As the Blue Line, the oldest line in Los Angeles’ modern rail network, nears its 27th anniversary of operations, Metro is redoubling its efforts to improve rail service between Los Angeles and Long Beach. According to a motion sponsored by Metro Directors Garcetti, Hahn, Garcia, and Dupont-Walker, rider satisfaction with the Blue Line has dropped in the years since the first phase of the Expo Line opened, while complaints have doubled. In order to address the issues the specific deterioration in quality of service that Blue Line riders have witnessed, the Board instructed staff to examine short and long term opportunities to make the Blue Line safer, faster, and more reliable.

The suite of possible solutions is wide-ranging. From signal preemption to grade separation to the creation of peak-hour express service to a route bypassing the Financial District, the directors clearly want their bases covered. During a presentation to the Executive Management Committee in March, staff indicated that it was their goal to reduce the overall trip time from Los Angeles to Long Beach from 57 minutes to 47 minutes. Cutting that 10 minutes may prove difficult, however. It will require Metro to figure out how to both get train speeds up and also to decrease the delays that have become commonplace on the line.

The sweeping changes propose targeting different portions of the 22-mile Blue Line. We’ll look at them sequentially, and try to determine where Metro might achieve time-savings, and which proposals might be the most impactful. In this post, however, we’ll just be looking at the shared track in DTLA. Fixing this section – and especially addressing the junction that connects the Blue and Expo Lines – is the sine qua non of achieving lasting improvements for either line, so it’s worth examining it in detail.

The 1.25-mile portion of the Blue and Expo Lines along Flower Street is heavily trafficked, and, as a result, provides an opportunity to impact a lot of riders. In their March presentation, Metro staff noted that there are 20,000 daily boardings at 7th St./Metro Center just for the two light rail lines. (There are another 27,000 boardings each day downstairs on the subway lines.) Once we account for Pico, and its 5,000 or so daily boardings, a quarter of all trips on the Blue and Expo Lines pass through some part of the Downtown L.A. section.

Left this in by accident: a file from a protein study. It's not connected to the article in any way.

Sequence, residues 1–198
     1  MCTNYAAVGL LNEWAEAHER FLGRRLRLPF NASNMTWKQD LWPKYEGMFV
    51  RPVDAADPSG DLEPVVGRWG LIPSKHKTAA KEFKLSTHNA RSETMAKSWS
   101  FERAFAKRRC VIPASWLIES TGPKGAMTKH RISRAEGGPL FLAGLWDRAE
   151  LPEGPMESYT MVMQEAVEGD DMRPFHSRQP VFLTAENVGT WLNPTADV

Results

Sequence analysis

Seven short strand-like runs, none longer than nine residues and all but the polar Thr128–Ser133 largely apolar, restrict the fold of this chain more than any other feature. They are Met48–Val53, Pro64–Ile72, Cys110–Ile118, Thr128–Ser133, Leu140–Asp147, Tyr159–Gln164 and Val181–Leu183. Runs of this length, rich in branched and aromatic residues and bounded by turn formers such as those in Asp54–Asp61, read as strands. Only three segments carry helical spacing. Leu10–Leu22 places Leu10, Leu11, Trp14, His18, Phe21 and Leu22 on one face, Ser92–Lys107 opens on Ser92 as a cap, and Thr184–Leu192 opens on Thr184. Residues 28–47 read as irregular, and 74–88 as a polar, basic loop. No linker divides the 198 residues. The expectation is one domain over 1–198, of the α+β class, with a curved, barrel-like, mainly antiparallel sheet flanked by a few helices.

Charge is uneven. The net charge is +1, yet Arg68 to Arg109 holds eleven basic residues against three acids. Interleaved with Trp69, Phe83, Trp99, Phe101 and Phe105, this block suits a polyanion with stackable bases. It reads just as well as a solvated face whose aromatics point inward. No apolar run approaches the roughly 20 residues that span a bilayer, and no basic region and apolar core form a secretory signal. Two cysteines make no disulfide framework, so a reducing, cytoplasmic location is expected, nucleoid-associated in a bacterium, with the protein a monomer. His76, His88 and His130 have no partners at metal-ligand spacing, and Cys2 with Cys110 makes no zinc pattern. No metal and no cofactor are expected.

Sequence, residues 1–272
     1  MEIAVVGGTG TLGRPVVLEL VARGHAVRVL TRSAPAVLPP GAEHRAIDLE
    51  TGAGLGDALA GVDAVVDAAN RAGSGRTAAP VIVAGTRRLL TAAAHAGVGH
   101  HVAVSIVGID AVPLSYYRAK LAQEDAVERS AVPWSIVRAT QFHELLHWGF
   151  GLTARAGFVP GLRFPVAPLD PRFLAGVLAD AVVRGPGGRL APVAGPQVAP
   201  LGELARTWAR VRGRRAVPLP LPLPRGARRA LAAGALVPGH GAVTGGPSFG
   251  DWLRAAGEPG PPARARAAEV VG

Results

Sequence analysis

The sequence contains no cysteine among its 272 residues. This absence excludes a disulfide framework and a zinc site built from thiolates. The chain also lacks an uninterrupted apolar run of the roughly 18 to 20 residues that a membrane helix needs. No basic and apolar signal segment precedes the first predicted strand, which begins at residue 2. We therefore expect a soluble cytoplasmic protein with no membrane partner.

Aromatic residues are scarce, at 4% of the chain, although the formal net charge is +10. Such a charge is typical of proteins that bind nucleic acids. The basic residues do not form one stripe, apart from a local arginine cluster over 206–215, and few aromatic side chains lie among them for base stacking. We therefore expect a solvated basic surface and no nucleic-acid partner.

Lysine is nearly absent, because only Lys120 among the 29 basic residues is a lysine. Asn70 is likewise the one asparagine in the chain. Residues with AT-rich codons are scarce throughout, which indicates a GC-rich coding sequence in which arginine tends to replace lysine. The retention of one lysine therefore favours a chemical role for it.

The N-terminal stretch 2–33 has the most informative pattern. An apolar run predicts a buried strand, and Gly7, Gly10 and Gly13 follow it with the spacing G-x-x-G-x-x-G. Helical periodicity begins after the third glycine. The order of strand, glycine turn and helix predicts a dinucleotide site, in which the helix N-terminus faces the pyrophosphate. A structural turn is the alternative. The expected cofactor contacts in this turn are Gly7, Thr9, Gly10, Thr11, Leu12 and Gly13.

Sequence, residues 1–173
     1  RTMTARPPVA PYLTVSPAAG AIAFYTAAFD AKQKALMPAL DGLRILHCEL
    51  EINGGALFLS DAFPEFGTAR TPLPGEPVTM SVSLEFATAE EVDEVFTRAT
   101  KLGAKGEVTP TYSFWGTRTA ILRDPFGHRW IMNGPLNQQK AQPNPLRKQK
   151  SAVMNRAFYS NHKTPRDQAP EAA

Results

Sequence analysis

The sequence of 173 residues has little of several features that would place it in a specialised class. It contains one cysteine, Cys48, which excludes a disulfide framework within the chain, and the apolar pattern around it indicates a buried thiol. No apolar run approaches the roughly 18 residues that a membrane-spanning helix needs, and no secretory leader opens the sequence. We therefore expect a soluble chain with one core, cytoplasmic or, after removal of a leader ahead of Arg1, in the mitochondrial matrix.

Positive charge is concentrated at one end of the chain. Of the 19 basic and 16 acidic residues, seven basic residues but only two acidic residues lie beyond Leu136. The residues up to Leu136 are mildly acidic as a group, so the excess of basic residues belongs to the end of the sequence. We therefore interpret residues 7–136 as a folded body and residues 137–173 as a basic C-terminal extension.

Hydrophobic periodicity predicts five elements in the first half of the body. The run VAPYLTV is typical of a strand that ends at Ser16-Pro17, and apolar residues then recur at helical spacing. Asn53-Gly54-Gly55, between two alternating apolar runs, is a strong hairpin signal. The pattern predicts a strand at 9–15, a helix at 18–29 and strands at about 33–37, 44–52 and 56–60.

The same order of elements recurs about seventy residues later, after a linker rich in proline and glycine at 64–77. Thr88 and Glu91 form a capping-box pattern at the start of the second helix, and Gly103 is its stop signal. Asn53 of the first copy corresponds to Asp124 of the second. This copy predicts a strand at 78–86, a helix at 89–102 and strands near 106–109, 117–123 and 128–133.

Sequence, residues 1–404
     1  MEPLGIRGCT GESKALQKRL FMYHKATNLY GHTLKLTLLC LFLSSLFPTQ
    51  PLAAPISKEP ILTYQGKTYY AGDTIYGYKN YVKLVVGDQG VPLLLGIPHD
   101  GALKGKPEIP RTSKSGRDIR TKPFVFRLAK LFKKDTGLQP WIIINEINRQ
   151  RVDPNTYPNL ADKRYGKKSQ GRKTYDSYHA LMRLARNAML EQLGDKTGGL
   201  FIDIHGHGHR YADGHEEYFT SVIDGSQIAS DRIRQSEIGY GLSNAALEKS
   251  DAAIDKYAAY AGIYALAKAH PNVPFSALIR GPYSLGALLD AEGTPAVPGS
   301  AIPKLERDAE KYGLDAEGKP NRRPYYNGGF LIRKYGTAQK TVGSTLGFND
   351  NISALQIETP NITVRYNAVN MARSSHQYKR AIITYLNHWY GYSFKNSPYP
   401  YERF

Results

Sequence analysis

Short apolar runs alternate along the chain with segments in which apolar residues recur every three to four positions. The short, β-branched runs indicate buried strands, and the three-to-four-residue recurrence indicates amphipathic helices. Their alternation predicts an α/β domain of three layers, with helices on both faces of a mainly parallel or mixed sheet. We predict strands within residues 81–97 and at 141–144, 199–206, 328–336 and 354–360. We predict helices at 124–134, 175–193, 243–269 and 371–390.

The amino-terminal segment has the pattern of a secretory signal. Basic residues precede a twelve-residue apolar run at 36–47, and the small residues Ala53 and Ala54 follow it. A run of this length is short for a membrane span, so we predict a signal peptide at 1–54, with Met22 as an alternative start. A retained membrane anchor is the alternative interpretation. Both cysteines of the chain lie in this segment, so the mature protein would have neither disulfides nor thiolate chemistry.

Due to the rapid growth of the Expo Line, Metro might actually be underselling the raw numbers of how busy the 7th Street terminus has become. The numbers they used are from Fiscal 2016, which ended in June of last year. However, with 48,000 average daily boardings in FY17 to date, ridership on Expo has increased nearly 50% over the previous year’s average, and it continues to surge. If each station has seen proportional growth, there may actually be 25,000 or more light rail boardings at 7th/Metro presently.

The takeaway is that Metro will be improving the commutes of a whole lot of people if they can speed trains up on Flower. For immediate relief, Metro staff are focusing first on making sure that trains get out of 7th/Metro on time. During the March meeting of the Executive Management Committee, they noted the difficulty at present headways of alighting passengers, turning trains around and departing within 3 minutes of arrival. Staff are focused on establishing procedures for accelerating boarding and alightings at the stations, creating an on-site command center for supervisory rail management staff, and training operators so that they will be able to operate either Blue Line or Expo Line trains as need dictates.